Researchers: Ying Long, Xun Li, Kang Wu, Dongfeng Yang, Wei Zhu, Xueliang Zhang, Zhigang Li, Gonghao Cui, He Huang, Jiangping Zhou, Hong Leng, Peng Jiang, Helin Liu, Xingjian Liu, Xinyue Ye, Kai Zhou （按参加顺序：龙瀛，李郇，吴康，杨东峰，朱玮，张学良，李志刚，崔功豪，黄鹤，周江评，冷红，姜鹏，刘合林，刘行健、叶信岳、周恺）
Volunteers: Biao Tong, Nawei Wu, Yang Ju, Jie Zhang, Yiyun Sun, Shuqi Gao.
Calling for more volunteers. Please address your CV and interest to Dr Long via email@example.com （志愿者召集中）
城市人口的收缩由来已久，德国政府资助项目（Shrinking Cities）已经证实，全球范围内人口超过100万的450个城市地区，总体上失去了其城市人口的十分之一。德国学者近几年进行了开创性的探讨（发表在Environment and Planning A/B上），以居住人口作为评价指标已成为共识。总体上，国际上发生城市收缩的原因，主要在于，（1）全球化背景下从制造业到服务业的经济转型，以及由此造成的劳动力结构性失业和产业资本外流；（2）其他影响因素还包括郊区化、战争、自然或人为灾害、老龄化或低生育率，以及东欧国家社会主义制度的瓦解等。
Many cities across particular areas in Europe and North America have a dwindling population, emerging vacant spaces, and the underuse of existing urban infrastructure (Haase et al., 2014). As one of the more prosperous urbanized countries in the world, China has witnessed an unprecedented active stage of urban expansion (see the Beijing City Lab Ranking 8 for details, http://www.beijingcitylab.com/ranking/), which also attracted extensive attention from academics (Deng et al., 2010).
Our previous study on mushing Jiedaos (the basic administrative unit of a city proper) indicates that urbanization in China often involves a significant political dimension. Largely rural settlements (eg, Zhen) could be accorded with the city status (eg, Jiedao) overnight by administrative power, which further accelerates the urban process (Wu et al., 2015).
Meanwhile, some large cities and inshore developed cities in East China have attracted huge numbers of migrants from rural areas and small cities during the last ten years. Vacant villages have been widely reported in the context of China (Long et al., 2012), while we observe a shrinking phenomenon at township and city levels.
For all the townships in mainland China, we estimated their population (residents not Hukou) based on the Population Censuses of China in 2000 and 2010, respectively. We found that 19,882 among all 39,007 townships were losing their population during 2000-2010, and the total area was 3.24 million km2, which covered almost about one third territories of China (Figure 1). Those shrinking townships are distributed in both rural and urban areas. Among them are 1,147 urban townships with a total area of 47,420 km2 in 367 cities.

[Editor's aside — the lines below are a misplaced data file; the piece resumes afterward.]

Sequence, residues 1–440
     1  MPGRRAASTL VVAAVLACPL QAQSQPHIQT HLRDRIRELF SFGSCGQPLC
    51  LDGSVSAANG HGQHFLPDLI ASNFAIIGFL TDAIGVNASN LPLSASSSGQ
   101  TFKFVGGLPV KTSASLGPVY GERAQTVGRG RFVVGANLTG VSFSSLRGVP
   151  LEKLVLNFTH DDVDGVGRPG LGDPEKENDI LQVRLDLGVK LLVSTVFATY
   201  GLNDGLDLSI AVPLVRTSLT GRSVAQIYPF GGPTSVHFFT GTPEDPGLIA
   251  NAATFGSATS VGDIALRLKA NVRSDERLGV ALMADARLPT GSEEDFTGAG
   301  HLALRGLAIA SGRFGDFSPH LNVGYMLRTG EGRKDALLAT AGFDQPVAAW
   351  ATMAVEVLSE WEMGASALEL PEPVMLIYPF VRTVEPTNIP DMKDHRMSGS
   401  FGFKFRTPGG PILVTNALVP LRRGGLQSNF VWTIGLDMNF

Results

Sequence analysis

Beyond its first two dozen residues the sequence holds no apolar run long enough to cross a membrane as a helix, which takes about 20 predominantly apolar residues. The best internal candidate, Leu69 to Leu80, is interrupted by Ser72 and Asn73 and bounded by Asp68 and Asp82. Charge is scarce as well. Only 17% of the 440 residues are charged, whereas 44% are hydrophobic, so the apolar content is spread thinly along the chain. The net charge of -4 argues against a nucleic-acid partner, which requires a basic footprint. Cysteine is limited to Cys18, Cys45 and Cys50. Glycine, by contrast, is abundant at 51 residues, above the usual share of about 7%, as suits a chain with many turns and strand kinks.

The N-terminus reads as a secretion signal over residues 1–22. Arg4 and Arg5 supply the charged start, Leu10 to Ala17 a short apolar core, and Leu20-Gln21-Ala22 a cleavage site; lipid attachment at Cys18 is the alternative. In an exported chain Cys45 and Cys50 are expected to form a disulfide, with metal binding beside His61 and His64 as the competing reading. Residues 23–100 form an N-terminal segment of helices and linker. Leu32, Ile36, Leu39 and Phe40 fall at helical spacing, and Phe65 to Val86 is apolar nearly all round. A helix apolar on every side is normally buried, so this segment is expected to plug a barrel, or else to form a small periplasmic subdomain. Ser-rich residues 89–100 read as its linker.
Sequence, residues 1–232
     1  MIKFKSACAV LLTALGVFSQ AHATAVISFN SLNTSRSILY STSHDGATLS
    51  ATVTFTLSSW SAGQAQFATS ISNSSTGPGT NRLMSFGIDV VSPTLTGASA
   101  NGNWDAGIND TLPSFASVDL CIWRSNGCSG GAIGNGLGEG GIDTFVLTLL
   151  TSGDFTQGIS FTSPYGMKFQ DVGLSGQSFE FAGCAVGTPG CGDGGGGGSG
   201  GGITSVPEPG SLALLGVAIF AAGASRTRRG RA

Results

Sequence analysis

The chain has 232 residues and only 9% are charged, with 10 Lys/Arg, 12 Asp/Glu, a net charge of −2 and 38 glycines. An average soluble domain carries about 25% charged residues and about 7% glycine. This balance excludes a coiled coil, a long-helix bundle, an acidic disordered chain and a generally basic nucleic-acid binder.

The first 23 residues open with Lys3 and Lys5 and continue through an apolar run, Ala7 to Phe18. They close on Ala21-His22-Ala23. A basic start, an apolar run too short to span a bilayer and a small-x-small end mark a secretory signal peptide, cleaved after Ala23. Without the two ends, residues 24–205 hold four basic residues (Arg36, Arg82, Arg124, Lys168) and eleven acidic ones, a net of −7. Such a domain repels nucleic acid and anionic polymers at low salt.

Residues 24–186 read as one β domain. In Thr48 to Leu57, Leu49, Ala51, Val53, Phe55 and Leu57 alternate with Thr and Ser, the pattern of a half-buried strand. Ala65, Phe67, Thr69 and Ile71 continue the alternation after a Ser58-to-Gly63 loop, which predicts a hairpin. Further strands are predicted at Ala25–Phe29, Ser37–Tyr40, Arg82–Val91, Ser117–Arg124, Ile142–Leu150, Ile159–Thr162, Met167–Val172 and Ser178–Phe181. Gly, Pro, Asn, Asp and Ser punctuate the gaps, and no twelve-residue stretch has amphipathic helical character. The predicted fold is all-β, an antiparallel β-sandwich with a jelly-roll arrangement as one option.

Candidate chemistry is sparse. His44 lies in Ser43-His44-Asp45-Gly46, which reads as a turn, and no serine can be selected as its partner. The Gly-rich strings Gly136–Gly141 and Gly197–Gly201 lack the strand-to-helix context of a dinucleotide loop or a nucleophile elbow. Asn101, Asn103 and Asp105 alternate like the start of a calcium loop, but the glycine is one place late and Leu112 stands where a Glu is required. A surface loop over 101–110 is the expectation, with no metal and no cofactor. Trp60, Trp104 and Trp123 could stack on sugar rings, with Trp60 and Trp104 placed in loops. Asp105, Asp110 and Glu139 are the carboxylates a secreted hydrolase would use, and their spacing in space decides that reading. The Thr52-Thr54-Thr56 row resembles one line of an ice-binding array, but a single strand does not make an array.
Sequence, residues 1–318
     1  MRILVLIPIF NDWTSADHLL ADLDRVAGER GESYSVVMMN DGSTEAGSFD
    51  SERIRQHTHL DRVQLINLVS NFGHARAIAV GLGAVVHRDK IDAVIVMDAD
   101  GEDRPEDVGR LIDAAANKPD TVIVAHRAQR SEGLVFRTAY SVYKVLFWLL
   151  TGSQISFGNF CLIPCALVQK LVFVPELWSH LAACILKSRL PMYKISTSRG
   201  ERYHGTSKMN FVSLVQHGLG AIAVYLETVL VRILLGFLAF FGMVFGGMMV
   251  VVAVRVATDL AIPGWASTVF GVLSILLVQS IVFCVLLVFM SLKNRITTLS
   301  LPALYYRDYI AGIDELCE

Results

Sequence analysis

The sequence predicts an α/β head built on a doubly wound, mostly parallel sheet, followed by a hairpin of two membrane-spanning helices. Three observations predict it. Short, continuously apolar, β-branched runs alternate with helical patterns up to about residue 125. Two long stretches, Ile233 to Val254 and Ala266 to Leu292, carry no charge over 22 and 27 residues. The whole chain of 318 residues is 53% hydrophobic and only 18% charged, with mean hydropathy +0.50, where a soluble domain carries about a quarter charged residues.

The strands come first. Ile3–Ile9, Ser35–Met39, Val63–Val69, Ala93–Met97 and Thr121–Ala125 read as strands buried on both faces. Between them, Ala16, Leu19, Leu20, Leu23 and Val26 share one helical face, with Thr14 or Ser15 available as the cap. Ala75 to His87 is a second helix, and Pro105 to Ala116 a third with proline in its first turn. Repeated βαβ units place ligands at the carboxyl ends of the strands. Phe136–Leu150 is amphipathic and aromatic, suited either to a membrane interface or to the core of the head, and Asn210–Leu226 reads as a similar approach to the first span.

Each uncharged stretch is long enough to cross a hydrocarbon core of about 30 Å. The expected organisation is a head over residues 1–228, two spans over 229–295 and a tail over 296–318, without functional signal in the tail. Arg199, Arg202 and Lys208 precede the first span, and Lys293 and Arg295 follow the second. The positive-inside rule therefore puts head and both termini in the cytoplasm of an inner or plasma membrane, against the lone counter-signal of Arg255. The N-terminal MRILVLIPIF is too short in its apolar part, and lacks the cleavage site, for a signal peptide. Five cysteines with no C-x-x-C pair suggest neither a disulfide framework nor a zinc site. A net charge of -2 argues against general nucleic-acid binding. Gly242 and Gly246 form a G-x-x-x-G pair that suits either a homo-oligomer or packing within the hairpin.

Besides shrinking townships observed, we further identify 180 shrinking cities in China including one provincial capital city Urumqi, 40 prefectural-level cities and 139 county-level cities (Figure 1). In addition, we use a cartogram to reveal population density in 2010 at the prefectural level, based on which shrinking prefectures are mapped (Figure 2).
More work is needed to understand these shrinking localities, the reasons behind the population falls, and possible policy tools. Both decision makers and city planners are accustomed to the urban growth and population increasing in China. We hope that these featured graphics will inform them of our findings. In addition, we have established the Chinese shrinking city research network (http://www.beijingcitylab.com/projects-1/15-shrinking-cities/) for exploring this important issue via proposing necessary planning rules for shrinking cities.
Shrinking Cities: International Perspectives and Policy Implications (Google eBook)
Shrinking Cities: A Global Perspective (Google eBook)
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Development After Decline: Top Down and Bottom Up in Shrinking Cities
Declining or shrinking cities have many difficulties: loss of jobs and economic productivity, social problems like unemployment, and physical problems like abandonment of buildings and brownfield or industrial facilities. This lecture reviews two broad approaches to revitalization in shrinking cities: top down planning, in which government and major actors like private developers play an important role in financing and constructing projects, and bottom up planning, in which citizens and local community groups take their own action to solve problems. The lecture reviews the experience of Detroit, Michigan, a famous shrinking city in the United States that has pursued both top down and bottom up approaches by constructing sports stadiums, new factories and office buildings, as well as large new parks together with small scale citizen actions like urban agriculture and small scale housing. The lecture concludes by evaluating the usefulness of top down versus bottom up approaches for urban planners, urban designers, and political officials. Both approaches have advantages and disadvantages and different cities need to find different balances to arrive at the right approach.
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